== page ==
BBC NEWS Americas Africa Europe Middle East South Asia Asia Pacific Arabic Spanish Russian Chinese Welsh
BBCi CATEGORIES   TV   RADIO   COMMUNICATE   WHERE I LIVE   INDEX    SEARCH 

BBC NEWS
 You are in: Entertainment: Music
Front Page 
World 
UK 
UK Politics 
Business 
Sci/Tech 
Health 
Education 
Entertainment 
Showbiz 
Music 
Film 
Arts 
TV and Radio 
New Media 
Reviews 
Talking Point 
In Depth 
AudioVideo 


Commonwealth Games 2002

BBC Sport

BBC Weather

SERVICES 
Tuesday, 19 June, 2001, 09:26 GMT 10:26 UK
Estonia's Eurovision given green light
Tanel Pardar
Estonia was the unexpected victor in Eurovision 2001
Television bosses in Estonia have put aside financial concerns and have confirmed that the 2002 Eurovision Song Contest will be held in the capital Tallin.

Estonia won the right to stage the 47th contest when Ivar Must's song Everybody, performed by Tanel Padar and Dave Benton, won this year's contest in Copenhagen.

But financial difficulties at Estonian Television, the public service broadcaser of the country, had called the event into question.

Hosts Soren Pilmark and Natasja Crone
Soren Pilmark and Natasja Crone presented the Copenhagen event
It will be the first time the contest - which can attract a Europe-wide TV audience of 70 million people - is held in eastern Europe.

Aare Urm, director general of ETV, has described the chance to organize the contest as a "billion-dollar opportunity for Estonia".

The event will take place either at the Lillekula stadium or the Saku Hall in Tallinn, the Estonian capital, on 25 May next year.

The announcement was made during a visit by officials of the European Broadcast Union (EBU), the Geneva-based association of Europe's public broadcasters, and representatives of the three most recent broadcasters to have hosted the contest.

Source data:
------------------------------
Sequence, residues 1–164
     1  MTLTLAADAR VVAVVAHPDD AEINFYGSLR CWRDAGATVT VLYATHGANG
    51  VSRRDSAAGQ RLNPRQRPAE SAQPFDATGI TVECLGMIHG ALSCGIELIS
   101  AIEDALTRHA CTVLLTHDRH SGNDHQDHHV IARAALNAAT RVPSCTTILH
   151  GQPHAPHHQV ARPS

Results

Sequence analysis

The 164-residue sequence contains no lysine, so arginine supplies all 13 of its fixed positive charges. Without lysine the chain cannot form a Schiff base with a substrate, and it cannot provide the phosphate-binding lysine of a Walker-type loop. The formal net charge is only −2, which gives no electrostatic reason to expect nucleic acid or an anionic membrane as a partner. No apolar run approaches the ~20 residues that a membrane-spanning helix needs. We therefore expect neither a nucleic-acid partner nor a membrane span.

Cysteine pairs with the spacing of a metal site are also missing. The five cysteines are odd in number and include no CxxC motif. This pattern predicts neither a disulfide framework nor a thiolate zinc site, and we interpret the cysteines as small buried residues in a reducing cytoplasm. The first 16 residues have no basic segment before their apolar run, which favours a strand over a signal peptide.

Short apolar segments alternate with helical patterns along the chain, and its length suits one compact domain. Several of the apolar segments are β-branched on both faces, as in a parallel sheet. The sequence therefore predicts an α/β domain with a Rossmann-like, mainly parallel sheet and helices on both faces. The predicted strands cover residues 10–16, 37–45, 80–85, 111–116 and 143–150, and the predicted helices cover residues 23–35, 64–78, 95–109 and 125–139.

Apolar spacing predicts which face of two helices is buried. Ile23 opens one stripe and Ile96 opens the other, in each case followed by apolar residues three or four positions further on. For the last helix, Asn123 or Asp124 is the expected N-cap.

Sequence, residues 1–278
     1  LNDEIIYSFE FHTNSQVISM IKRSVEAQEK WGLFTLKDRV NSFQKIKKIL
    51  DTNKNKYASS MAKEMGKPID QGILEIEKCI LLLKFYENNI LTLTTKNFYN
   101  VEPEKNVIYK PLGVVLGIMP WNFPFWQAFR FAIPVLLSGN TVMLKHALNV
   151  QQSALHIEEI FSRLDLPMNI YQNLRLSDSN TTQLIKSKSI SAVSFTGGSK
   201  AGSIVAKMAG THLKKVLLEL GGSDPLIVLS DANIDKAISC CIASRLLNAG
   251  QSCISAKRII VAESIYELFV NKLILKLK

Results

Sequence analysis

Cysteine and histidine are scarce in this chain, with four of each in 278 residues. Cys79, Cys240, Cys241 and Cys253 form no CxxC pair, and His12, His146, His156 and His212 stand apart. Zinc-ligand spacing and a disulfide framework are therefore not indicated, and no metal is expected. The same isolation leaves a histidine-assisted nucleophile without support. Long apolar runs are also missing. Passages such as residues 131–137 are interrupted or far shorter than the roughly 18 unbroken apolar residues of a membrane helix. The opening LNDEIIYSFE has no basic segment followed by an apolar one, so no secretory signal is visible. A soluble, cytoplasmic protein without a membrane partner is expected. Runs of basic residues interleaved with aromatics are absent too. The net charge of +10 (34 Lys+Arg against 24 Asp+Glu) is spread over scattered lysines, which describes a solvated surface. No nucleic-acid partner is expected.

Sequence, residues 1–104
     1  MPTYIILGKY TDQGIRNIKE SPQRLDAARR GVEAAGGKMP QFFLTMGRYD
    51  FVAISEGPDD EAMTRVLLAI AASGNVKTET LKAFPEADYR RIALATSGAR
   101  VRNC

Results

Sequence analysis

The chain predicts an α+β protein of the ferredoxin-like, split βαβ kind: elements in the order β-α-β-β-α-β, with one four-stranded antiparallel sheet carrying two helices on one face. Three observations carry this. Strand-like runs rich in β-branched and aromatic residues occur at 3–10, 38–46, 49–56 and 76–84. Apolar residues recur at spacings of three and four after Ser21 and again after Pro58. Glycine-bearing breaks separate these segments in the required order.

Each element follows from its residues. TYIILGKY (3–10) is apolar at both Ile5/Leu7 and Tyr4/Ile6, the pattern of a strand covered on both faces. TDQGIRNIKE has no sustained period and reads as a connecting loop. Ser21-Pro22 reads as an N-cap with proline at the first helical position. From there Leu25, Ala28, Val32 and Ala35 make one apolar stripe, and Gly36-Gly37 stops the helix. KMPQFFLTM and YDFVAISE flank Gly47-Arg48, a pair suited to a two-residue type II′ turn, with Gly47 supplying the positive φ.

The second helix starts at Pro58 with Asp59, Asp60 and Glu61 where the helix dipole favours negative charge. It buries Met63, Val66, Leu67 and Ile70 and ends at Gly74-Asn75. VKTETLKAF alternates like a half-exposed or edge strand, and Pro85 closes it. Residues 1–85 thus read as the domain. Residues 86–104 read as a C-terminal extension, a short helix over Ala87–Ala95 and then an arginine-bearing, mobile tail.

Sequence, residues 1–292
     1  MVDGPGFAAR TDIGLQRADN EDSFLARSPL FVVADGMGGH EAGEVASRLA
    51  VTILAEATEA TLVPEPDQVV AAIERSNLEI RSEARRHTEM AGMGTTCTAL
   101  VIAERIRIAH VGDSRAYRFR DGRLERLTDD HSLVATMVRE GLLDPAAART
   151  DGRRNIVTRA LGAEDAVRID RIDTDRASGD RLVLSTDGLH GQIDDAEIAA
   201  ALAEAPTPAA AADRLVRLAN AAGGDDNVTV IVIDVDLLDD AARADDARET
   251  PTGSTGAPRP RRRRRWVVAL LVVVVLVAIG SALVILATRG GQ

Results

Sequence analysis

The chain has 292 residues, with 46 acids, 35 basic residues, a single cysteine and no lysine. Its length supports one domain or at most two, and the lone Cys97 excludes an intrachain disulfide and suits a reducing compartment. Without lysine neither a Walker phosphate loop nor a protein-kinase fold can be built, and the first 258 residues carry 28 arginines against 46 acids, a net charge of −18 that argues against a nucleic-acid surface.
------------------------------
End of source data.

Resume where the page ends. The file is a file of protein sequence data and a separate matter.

Ruurd Bierman of the Dutch public broadcaster NOS, chairman of the visiting delegation, said he was impressed by what he saw in Estonia.

"I am convinced that with the help of other EBU members and the Estonian government, Estonian Television would be able to put on a high-quality show next May," said Bierman.

Lindsay Dracass
Lindsay D: Poor British showing in this year's contest
Under the statutes of the Eurovision, the song contest can only be organised by the public service broadcasting stations.

The contest, which was set up in 1956, has television viewers in the participating countries make up the jury by phoning in their individual votes.

Britain finished 15th in this year's contest - after finishing 16th in 2000.

See also:

23 May 01 | Music
Estonia's Eurovision worry
13 May 01 | Reviews
Another year, another Eurovision
04 May 01 | Music
No Dream Impossible for Lindsay
25 Apr 01 | Music
Malta going for Eurovision gold
12 Mar 01 | Entertainment
Schoolgirl bids for Eurovision glory
09 Mar 01 | Entertainment
Breaking the Eurovision mould
14 May 00 | Entertainment
Danes win Eurovision contest
12 May 00 | Entertainment
The politics of Eurovision
Internet links:


The BBC is not responsible for the content of external internet sites

Links to more Music stories are at the foot of the page.


E-mail this story to a friend

Links to more Music stories